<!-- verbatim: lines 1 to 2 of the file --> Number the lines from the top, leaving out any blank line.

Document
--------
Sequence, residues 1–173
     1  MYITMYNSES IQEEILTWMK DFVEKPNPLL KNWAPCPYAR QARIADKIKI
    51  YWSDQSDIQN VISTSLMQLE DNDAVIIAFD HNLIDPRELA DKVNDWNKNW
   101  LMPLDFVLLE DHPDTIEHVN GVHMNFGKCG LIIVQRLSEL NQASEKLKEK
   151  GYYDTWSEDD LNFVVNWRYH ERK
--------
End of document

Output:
Sequence, residues 1–173
     1  MYITMYNSES IQEEILTWMK DFVEKPNPLL KNWAPCPYAR QARIADKIKI